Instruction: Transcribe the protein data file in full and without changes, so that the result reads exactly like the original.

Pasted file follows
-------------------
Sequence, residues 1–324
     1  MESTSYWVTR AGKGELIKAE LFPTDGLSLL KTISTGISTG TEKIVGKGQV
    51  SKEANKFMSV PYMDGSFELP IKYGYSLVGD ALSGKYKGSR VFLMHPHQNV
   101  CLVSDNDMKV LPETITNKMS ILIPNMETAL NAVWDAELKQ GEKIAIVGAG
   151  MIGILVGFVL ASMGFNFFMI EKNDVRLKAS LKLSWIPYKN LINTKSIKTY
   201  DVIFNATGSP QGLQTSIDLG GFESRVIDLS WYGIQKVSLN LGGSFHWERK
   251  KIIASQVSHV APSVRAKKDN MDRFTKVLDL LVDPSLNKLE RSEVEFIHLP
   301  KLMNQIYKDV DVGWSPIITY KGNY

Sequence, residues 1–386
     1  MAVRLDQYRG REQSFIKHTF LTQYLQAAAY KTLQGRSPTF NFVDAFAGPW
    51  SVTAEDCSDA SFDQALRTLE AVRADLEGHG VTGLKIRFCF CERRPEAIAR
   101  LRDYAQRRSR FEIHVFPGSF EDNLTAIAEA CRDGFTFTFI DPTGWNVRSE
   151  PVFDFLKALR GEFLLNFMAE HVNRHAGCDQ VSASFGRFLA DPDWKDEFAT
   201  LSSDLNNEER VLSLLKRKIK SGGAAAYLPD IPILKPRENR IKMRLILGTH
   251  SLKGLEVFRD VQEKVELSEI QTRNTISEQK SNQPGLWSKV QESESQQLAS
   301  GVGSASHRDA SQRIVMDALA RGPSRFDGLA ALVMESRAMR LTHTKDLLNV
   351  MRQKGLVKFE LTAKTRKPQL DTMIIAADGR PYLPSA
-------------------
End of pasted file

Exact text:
Sequence, residues 1–324
     1  MESTSYWVTR AGKGELIKAE LFPTDGLSLL KTISTGISTG TEKIVGKGQV
    51  SKEANKFMSV PYMDGSFELP IKYGYSLVGD ALSGKYKGSR VFLMHPHQNV
   101  CLVSDNDMKV LPETITNKMS ILIPNMETAL NAVWDAELKQ GEKIAIVGAG
   151  MIGILVGFVL ASMGFNFFMI EKNDVRLKAS LKLSWIPYKN LINTKSIKTY
   201  DVIFNATGSP QGLQTSIDLG GFESRVIDLS WYGIQKVSLN LGGSFHWERK
   251  KIIASQVSHV APSVRAKKDN MDRFTKVLDL LVDPSLNKLE RSEVEFIHLP
   301  KLMNQIYKDV DVGWSPIITY KGNY

Sequence, residues 1–386
     1  MAVRLDQYRG REQSFIKHTF LTQYLQAAAY KTLQGRSPTF NFVDAFAGPW
    51  SVTAEDCSDA SFDQALRTLE AVRADLEGHG VTGLKIRFCF CERRPEAIAR
   101  LRDYAQRRSR FEIHVFPGSF EDNLTAIAEA CRDGFTFTFI DPTGWNVRSE
   151  PVFDFLKALR GEFLLNFMAE HVNRHAGCDQ VSASFGRFLA DPDWKDEFAT
   201  LSSDLNNEER VLSLLKRKIK SGGAAAYLPD IPILKPRENR IKMRLILGTH
   251  SLKGLEVFRD VQEKVELSEI QTRNTISEQK SNQPGLWSKV QESESQQLAS
   301  GVGSASHRDA SQRIVMDALA RGPSRFDGLA ALVMESRAMR LTHTKDLLNV
   351  MRQKGLVKFE LTAKTRKPQL DTMIIAADGR PYLPSA